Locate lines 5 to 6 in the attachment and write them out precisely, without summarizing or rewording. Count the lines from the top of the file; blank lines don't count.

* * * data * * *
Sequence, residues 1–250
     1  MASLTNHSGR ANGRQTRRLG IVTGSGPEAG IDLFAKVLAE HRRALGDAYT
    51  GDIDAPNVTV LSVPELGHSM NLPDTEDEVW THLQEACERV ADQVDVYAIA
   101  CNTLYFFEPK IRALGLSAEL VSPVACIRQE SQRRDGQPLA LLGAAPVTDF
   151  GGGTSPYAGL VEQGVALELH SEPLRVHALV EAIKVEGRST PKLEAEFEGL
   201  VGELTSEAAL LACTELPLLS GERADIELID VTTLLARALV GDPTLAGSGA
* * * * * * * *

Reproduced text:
   151  GGGTSPYAGL VEQGVALELH SEPLRVHALV EAIKVEGRST PKLEAEFEGL
   201  VGELTSEAAL LACTELPLLS GERADIELID VTTLLARALV GDPTLAGSGA